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Consider the problem of computing the Fourier transform of a function, $f(x).$ $$ \hat{f}(k) = \int_{-\infty}^{\infty} dx~ f(x)~ e^{i k x} .$$

Suppose I want to approximate this transform by a discrete, truncated version, $$ \hat{F}_{\Delta, ~L}(k) = \sum_{n = -L}^L \Delta~ f(\Delta n)~ e^{i k \Delta n} .$$

I want the approximation to work with error $\epsilon$ in some interval $[0, k_{max}]$,

$$\sup_{k \in [0, k_{max}]} ~| \hat{f}(k) - \hat{F}_{\Delta, ~L}(k) | \leq \epsilon $$

What values of $\Delta$, $L$ should I choose to achieve this error. The answer will obviously depend on the properties of $\hat{f}(k)$, like how fast it decays. I have seen this done for specific functions but haven't seen any general rigorous result. Since this seems to be a problem with many practical applications it seems unlikely that no one has worked it out. Are there any rigorous results known for this general case ?

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If you assume that $f \in L^1$, then approximations are not so terrible because $\hat{f}$ is uniformly continuous, with $\|\hat{f}\|_{\infty}\le \|f\|_{1}$. So, for $\epsilon > 0$, there exists $R > 0$ large enough such that $$ \left|\hat{f}(k)-\frac{1}{\sqrt{2\pi}}\int_{-R}^{R}f(x)e^{-ikx}dx\right| \\ \le \frac{1}{\sqrt{2\pi}}\int_{|u|\ge R}|f(u)|du < \frac{\epsilon}{2},\;\;\; k\in\mathbb{R}. $$ So the Fourier transform is uniformly approximated by the truncated Fourier series integral on $[-R,R]$. Then you can approximate the Fourier integral over $[-R,R]$ by a discrete sum $$ \hat{f}(k)\approx\sum_{n=-N}^{N-1}\frac{1}{\sqrt{2\pi}}\int_{Rn/N}^{R(n+1)/N}f(x)dxe^{-ikRn/N}. $$ I'm not sure if that's the type of approximation you want or not.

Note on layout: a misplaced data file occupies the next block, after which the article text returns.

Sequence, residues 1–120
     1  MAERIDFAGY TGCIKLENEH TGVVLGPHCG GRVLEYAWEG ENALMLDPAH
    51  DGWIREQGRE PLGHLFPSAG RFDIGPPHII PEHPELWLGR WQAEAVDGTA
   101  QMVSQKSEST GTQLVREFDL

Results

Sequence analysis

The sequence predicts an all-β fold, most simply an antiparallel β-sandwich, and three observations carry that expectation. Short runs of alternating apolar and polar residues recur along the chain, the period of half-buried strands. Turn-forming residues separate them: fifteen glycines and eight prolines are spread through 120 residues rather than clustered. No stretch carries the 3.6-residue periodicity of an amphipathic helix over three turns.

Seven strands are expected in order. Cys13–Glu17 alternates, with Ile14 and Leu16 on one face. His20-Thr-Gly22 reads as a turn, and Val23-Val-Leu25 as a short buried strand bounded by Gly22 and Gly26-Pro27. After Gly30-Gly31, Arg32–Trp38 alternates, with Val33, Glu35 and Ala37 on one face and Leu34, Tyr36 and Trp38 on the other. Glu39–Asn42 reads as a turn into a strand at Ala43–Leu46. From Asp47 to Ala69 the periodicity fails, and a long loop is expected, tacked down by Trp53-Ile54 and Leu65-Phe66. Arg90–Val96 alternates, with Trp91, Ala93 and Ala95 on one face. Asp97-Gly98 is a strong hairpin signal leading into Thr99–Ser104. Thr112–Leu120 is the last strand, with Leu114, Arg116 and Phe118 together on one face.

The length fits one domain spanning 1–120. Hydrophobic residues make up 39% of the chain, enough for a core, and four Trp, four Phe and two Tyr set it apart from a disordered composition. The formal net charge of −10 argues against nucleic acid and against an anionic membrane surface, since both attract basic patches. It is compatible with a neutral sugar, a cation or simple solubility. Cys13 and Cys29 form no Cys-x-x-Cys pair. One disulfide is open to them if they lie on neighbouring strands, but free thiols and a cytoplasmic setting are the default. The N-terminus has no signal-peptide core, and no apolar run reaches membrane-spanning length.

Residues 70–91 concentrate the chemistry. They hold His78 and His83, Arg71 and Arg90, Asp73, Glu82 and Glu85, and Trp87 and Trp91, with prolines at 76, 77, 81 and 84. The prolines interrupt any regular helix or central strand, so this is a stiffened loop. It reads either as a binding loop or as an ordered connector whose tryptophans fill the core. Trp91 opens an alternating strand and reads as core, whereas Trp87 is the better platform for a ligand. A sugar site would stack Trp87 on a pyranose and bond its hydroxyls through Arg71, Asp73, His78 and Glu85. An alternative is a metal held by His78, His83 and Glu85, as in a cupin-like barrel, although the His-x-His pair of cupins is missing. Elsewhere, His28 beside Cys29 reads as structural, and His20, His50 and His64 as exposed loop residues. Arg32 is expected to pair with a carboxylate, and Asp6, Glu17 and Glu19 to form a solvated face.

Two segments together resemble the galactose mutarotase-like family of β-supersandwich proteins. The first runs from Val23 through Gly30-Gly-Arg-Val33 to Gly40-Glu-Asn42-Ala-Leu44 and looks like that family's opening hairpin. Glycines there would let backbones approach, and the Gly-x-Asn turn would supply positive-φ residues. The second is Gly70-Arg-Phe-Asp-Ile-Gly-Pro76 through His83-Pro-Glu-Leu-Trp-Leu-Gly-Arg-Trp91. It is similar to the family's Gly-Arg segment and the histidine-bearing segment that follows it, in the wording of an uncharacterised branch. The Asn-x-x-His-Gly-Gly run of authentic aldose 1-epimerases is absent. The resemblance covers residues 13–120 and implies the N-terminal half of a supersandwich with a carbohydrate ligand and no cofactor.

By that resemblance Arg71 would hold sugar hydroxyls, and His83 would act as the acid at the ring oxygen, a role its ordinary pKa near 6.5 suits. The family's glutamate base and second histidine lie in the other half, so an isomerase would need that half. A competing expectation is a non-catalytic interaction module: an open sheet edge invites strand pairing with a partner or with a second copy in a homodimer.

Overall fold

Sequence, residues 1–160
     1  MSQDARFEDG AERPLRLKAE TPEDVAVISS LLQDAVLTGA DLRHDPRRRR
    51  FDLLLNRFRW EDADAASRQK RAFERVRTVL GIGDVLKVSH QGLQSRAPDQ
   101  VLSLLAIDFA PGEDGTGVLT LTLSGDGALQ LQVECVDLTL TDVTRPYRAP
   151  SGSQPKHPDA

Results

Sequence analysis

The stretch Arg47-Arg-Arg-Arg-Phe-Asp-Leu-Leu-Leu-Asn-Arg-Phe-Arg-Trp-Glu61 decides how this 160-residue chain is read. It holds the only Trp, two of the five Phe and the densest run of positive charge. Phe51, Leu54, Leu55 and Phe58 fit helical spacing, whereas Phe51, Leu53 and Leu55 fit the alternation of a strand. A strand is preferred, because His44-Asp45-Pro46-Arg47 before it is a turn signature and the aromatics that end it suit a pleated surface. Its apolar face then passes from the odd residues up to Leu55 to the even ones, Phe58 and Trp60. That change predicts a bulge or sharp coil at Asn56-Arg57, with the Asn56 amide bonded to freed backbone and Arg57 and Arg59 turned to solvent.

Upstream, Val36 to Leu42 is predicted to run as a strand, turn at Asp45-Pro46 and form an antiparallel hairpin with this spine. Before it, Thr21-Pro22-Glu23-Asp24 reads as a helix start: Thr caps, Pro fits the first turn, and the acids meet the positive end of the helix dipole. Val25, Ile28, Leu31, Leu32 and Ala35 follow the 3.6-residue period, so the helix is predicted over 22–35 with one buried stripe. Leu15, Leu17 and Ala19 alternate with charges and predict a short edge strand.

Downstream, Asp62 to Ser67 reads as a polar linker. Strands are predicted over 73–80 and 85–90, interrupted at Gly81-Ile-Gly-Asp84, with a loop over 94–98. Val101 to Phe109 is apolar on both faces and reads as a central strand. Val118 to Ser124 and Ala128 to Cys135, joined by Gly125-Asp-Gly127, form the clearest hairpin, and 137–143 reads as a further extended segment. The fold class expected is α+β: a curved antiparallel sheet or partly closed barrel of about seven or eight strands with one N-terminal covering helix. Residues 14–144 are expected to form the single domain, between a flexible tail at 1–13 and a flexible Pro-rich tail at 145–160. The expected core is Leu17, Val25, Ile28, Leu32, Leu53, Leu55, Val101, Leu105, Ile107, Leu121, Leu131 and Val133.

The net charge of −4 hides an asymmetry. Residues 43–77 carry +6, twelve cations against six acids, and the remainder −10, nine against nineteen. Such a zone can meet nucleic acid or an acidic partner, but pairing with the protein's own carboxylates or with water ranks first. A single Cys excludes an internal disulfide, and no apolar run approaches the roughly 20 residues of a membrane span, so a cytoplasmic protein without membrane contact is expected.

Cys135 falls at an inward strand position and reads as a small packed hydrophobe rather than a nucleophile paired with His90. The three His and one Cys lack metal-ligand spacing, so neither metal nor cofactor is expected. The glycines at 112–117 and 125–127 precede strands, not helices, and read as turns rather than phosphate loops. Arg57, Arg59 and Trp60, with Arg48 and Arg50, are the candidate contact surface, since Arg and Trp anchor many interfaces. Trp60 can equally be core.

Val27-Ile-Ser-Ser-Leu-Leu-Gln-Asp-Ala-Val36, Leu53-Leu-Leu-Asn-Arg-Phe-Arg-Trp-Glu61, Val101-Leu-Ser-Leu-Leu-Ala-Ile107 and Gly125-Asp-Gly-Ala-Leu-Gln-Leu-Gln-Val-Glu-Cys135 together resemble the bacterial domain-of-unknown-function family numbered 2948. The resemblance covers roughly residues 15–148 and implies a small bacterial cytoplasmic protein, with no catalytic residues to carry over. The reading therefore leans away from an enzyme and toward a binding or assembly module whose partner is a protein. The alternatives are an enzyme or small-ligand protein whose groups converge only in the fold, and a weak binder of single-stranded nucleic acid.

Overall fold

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  • $\begingroup$ So you assume $f$ is continuous ($f(x)=e^{-x^2}(1 - 1_{x\in \mathbb{Q}})$) $\endgroup$
    – reuns
    Commented Jan 20, 2019 at 2:24
  • $\begingroup$ This is the kind of approximation I use. The question is how does $\epsilon$ depend on $R$ and $N$. $\endgroup$
    – biryani
    Commented Jan 21, 2019 at 10:39

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